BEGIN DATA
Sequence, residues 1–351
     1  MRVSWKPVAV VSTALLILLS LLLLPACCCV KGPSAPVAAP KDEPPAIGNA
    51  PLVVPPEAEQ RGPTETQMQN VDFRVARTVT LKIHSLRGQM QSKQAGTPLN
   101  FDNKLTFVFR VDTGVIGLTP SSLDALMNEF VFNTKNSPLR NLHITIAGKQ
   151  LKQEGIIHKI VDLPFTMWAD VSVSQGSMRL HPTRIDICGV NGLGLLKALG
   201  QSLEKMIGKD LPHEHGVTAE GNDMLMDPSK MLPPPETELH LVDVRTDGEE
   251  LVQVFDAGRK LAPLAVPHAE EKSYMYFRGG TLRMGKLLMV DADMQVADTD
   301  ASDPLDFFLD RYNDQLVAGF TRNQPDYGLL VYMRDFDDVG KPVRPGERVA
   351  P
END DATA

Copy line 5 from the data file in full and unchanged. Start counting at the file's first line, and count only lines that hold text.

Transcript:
   151  LKQEGIIHKI VDLPFTMWAD VSVSQGSMRL HPTRIDICGV NGLGLLKALG